In a WorkHuman culture, it’s understood everyone can bring much more to the table when we don’t ask our people to pack up parts of themselves and leave it at the door on the way into the office. When we do, we’re often asking them to pack up exactly the parts we need most – their creativity, their passion, their desire to make a difference and an impact.

Making success about more than work makes work more successful.

“Michael says he doesn’t care about making it to the Hall of Fame. ‘Success is measured in so many different ways,’ he says. ‘To me, success is being super happy and enjoying your family. You look at these people who have so much money…and they can’t even be themselves… When I win, I watch a movie with my daughters when I get home. When I lose, I watch a movie with my daughters when I get home.’”

Clearly, I’m no athlete, not even on a casual level. Yet I’m sure when a pro athlete can keep a loss in perspective, rebounding to return and win is easier. Michael’s statement here is a tremendous example of achieving a good work-life balance. It’s all about perspective and remembering priorities. And having the team behind you to make it possible.

What makes work more human for you?

WorkHuman by Leaving Work – Why Vacations Matter

by Traci Pesch

beach sceneRecognize This! – We cannot create more human work cultures if we don’t honor the human need to rest, reflect, and breathe.

I’m just back from vacation – enjoying family and friends immersed in sun, sand, and ocean. The ability to step back, relax, and rest my mind certainly made it possible to bring a rejuvenated spirit to my work. And this experience reminded me of recent podcast from NPR’s Shankar Vedantam and Dan Pink (author of Drive): “What Science Says about Taking a Great Vacation.”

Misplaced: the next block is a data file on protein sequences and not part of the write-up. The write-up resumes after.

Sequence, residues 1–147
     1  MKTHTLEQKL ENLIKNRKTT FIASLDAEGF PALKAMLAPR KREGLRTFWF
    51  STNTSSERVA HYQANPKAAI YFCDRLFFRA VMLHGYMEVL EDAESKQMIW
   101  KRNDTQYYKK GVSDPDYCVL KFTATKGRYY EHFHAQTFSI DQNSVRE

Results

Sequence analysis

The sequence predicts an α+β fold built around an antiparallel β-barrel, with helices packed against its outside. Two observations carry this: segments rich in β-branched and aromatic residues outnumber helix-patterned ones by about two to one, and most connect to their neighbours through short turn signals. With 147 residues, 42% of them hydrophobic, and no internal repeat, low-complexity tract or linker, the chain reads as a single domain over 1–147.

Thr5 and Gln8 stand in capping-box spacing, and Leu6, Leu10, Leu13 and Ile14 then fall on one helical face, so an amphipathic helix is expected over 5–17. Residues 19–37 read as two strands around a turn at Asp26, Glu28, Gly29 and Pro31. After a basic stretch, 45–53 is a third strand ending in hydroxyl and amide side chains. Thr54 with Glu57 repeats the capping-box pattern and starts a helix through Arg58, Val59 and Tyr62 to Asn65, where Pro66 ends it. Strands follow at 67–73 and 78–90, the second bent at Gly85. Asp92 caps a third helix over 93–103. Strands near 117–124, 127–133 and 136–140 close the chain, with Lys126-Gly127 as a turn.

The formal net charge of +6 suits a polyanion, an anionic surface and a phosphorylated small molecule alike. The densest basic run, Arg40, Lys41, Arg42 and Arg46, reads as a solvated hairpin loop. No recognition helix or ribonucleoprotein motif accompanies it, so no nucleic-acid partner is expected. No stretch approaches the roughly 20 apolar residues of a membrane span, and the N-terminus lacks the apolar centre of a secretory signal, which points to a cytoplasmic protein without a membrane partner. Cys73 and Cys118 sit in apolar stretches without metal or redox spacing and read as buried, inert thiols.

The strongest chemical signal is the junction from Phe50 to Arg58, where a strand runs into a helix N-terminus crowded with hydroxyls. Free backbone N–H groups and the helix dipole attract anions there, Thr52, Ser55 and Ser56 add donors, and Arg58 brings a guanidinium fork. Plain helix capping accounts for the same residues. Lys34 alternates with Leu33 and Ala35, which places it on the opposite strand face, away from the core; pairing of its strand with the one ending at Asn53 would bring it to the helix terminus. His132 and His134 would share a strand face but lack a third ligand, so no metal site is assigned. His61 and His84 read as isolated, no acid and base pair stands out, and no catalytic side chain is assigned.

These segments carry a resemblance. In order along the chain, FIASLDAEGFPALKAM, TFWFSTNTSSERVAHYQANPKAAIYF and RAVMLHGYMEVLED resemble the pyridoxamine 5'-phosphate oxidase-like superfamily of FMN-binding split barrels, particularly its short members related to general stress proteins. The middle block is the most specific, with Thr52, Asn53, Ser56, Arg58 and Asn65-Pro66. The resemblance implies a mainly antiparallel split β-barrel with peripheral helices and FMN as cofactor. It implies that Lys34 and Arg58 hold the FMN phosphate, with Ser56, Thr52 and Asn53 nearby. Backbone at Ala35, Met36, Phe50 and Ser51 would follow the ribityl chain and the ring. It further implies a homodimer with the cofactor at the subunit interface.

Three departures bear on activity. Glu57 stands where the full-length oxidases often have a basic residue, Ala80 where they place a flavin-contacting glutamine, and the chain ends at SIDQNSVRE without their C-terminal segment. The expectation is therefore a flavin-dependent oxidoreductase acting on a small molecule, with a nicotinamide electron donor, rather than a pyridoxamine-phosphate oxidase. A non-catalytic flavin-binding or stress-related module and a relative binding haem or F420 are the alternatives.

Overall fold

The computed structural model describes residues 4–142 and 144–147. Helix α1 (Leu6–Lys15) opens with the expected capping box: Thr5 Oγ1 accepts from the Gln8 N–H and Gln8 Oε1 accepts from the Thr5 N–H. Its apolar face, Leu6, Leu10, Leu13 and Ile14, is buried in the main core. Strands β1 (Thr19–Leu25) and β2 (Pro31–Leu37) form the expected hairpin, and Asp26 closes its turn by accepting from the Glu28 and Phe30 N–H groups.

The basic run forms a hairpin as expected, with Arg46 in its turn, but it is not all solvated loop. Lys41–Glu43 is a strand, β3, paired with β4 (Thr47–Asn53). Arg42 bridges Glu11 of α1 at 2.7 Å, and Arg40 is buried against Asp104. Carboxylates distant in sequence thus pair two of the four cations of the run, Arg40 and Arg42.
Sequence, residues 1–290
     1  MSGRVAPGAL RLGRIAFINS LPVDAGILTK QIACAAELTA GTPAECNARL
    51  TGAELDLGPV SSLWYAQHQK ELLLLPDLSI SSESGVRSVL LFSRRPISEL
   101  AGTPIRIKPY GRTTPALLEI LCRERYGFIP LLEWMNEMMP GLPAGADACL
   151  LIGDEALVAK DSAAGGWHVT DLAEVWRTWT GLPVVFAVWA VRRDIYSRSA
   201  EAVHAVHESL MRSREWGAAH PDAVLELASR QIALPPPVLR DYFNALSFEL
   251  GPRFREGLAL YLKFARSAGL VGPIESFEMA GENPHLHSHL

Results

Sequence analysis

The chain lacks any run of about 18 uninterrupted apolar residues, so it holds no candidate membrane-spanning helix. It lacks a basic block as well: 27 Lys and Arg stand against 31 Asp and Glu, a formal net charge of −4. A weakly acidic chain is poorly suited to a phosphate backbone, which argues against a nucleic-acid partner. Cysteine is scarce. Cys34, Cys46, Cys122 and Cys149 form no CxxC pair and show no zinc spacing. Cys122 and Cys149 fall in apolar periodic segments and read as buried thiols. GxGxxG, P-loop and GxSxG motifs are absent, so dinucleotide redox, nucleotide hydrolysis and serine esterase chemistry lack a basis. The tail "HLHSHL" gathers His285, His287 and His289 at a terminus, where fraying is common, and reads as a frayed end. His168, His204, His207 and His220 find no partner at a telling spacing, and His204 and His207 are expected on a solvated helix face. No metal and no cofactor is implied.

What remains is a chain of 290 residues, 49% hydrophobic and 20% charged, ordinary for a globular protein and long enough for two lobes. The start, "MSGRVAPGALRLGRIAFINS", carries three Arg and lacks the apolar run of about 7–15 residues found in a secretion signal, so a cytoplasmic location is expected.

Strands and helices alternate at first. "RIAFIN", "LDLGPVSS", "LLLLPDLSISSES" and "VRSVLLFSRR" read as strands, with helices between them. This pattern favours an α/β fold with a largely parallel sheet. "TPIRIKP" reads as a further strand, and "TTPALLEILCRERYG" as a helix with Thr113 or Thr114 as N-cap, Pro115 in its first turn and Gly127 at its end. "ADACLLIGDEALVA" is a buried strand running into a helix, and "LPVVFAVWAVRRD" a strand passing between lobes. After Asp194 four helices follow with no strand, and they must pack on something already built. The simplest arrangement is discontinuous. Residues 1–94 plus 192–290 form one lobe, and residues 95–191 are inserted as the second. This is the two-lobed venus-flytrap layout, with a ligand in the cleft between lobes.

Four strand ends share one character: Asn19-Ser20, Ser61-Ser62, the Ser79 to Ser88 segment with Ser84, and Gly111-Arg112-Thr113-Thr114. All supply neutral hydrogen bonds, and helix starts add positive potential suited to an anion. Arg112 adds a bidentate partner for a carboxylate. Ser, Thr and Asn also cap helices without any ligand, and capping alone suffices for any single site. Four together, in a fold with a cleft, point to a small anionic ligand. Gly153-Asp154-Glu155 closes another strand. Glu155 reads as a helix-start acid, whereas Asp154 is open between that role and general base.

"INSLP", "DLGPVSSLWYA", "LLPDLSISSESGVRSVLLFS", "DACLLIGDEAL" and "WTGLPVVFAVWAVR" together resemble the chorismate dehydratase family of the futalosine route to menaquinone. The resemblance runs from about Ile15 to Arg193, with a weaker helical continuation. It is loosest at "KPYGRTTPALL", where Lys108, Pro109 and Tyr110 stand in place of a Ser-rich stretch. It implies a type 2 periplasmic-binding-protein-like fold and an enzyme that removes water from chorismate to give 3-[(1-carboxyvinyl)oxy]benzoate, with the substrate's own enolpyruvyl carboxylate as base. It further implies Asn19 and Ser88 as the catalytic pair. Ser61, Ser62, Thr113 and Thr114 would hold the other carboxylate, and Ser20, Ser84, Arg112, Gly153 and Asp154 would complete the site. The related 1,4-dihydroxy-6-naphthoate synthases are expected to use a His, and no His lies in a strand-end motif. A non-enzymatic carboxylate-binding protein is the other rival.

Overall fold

In the podcast, Shankar and Dan discuss research that shows three interesting findings:

  1. Relationships (or at least relatability matters), even while on vacation.
  2. Shorter but more frequent vacations may be the ticket to keeping the positive impact of vacation going.
  3. Experiencing awe may be the best vacation memento because it can “increase ethical decision making and generosity.”

From a WorkHuman perspective, we need to honor the very human need to rejuvenate the soul, the spirit and the mind. As Lin-Manuel Miranda (creator of Broadway sensation Hamilton) said on Twitter, “No accident that the best idea I ever had in my life (Maybe the best one I’ll ever have) happened on vacation. With a second to breathe.”

Sadly, it seems workers hesitate on taking vacation. This survey found the top 5 reasons workers skip vacation:

  1. Fear of returning to a mountain of work(40%)
  2. The belief that nobody else can do the job (35%)
  3. Inability to afford taking time off (33%)
  4. Fear of being seen as replaceable (22%)
  5. To show greater dedication to the company and the job (28%)

And Americans seem to be worst about this. This article describe us as “a nation of vacation-deprived, work-obsessed, business casual-attired zombies.”